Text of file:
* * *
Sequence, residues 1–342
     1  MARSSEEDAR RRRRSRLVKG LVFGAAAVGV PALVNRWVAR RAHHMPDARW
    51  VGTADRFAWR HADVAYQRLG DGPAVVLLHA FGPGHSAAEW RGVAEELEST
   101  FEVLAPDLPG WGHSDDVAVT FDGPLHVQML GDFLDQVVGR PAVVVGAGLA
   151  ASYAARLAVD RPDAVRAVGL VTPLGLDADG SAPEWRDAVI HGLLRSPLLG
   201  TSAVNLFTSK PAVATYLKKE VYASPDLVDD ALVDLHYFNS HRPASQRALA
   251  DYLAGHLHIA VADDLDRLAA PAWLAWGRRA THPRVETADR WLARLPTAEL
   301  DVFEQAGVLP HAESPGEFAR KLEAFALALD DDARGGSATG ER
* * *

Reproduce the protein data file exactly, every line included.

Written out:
Sequence, residues 1–342
     1  MARSSEEDAR RRRRSRLVKG LVFGAAAVGV PALVNRWVAR RAHHMPDARW
    51  VGTADRFAWR HADVAYQRLG DGPAVVLLHA FGPGHSAAEW RGVAEELEST
   101  FEVLAPDLPG WGHSDDVAVT FDGPLHVQML GDFLDQVVGR PAVVVGAGLA
   151  ASYAARLAVD RPDAVRAVGL VTPLGLDADG SAPEWRDAVI HGLLRSPLLG
   201  TSAVNLFTSK PAVATYLKKE VYASPDLVDD ALVDLHYFNS HRPASQRALA
   251  DYLAGHLHIA VADDLDRLAA PAWLAWGRRA THPRVETADR WLARLPTAEL
   301  DVFEQAGVLP HAESPGEFAR KLEAFALALD DDARGGSATG ER